This article originally appeared on Business Insider. Follow @BusinessInsider on Twitter.

MIGHTY HISTORY

The youngest Special Forces captain in Vietnam was a war hero

The Vietnam war gave us a lot of things: Zippos, M16s, and the list goes on. Before it popped off, there hadn’t been a war like it; it was highly televised, deeply protested, and involved heavy use of special operations units. From this war came tons of stories of heroism and courage in the face of extreme danger. One such story that stands out from the rest is that of U.S. Army Captain William Albracht.

Albracht graduated from Alleman Catholic High School in Illinois in 1966 and found himself in Vietnam just three years later. He wasn’t just a Green Beret captain, he was the youngest Green Beret captain in the entire country. He took command of a hilltop outpost known as Firebase Kate with a total of 27 American Soldiers and 156 Montagnard militiamen. This is where Captain Albracht earned his place in history and solidified his status as an American badass.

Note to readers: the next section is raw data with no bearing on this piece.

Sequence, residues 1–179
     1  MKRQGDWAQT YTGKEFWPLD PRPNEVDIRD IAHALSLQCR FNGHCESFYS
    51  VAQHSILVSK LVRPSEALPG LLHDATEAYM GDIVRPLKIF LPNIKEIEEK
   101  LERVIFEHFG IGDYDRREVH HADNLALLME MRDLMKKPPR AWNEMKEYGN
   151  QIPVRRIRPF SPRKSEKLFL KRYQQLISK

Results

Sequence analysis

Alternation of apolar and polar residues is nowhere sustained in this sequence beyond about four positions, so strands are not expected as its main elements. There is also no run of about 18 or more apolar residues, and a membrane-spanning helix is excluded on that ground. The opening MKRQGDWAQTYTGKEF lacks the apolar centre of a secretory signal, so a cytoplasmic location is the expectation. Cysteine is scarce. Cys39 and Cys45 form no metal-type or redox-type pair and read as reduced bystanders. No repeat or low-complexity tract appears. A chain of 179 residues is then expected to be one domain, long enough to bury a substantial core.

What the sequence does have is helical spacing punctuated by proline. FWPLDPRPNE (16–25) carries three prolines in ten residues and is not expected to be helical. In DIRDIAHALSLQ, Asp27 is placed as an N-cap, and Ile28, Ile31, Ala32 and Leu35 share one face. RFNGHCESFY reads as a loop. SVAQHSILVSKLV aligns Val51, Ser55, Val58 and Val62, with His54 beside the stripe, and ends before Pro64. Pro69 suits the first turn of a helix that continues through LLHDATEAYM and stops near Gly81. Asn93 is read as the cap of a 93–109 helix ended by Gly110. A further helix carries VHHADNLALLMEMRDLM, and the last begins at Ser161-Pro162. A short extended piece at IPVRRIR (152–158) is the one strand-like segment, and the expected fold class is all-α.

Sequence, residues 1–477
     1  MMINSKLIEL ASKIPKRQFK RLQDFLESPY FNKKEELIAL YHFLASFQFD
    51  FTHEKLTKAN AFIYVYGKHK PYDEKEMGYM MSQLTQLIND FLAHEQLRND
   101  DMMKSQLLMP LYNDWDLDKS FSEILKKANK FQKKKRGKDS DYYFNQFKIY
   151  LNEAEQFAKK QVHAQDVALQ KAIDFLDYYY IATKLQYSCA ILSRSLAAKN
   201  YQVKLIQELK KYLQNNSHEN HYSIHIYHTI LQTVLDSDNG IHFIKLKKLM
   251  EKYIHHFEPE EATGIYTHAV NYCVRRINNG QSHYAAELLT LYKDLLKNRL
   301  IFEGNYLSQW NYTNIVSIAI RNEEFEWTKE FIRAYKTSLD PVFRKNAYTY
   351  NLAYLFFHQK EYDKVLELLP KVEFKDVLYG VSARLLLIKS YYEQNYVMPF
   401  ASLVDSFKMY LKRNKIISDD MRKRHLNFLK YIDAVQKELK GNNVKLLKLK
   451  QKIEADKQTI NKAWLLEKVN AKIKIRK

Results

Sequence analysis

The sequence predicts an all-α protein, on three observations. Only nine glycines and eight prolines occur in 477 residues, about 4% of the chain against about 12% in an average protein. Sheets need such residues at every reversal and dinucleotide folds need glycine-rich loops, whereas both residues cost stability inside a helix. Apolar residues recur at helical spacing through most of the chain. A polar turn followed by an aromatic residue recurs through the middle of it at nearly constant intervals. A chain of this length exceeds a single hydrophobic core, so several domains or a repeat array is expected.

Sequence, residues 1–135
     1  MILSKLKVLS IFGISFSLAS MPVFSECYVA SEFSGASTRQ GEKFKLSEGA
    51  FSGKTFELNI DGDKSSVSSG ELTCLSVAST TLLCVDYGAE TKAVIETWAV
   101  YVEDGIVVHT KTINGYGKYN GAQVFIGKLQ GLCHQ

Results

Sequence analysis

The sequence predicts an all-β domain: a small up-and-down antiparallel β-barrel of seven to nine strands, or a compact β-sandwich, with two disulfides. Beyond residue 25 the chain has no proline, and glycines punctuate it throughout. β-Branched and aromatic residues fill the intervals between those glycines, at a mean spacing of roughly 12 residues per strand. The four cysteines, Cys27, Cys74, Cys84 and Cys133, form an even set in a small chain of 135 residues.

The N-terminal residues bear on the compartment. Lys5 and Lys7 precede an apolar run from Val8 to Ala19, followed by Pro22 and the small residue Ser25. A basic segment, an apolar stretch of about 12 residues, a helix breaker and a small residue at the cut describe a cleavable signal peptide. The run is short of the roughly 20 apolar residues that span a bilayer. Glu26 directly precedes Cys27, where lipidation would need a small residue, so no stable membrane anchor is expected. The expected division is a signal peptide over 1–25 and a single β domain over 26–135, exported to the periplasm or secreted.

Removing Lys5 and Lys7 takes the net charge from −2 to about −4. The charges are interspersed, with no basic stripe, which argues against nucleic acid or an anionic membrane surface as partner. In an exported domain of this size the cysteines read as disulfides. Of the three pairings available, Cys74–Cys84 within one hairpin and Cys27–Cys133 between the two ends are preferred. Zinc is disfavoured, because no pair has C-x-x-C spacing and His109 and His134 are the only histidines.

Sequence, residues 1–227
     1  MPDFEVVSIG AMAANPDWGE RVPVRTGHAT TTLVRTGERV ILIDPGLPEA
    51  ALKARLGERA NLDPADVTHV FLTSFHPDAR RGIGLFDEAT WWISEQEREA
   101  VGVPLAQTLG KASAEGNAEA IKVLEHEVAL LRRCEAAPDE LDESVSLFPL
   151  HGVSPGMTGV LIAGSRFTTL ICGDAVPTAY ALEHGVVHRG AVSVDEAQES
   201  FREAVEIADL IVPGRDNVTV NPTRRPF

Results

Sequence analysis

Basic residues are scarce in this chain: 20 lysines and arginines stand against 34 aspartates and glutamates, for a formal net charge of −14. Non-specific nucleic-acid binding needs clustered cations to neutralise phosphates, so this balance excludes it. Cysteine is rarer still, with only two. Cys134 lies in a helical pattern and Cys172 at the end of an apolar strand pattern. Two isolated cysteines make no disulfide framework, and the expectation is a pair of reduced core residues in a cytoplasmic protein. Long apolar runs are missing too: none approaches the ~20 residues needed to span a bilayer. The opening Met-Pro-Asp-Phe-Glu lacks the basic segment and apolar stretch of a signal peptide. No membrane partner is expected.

This is the story of the youngest Green Beret captain in Vietnam:


Landing Zone Kate in 1969.

(Storytellers International)

Firebase Kate

Landing Zone Kate, also referred to as Firebase White, was built in 1969 on a hilltop northwest of Quang Dug Province in Southern Vietnam. It was near the Cambodian border. It was also the first command for Captain Albracht, who was just 21 at the time.

The young captain saw the hilltop location as problematic, primarily because the North Vietnamese Army controlled the nearby road and could freely fire from Cambodia. To make matters worse, supplying the base was also a very tricky.

Army Special Forces and Rangers in Vietnam.

(U.S. Army)

Supplies & discipline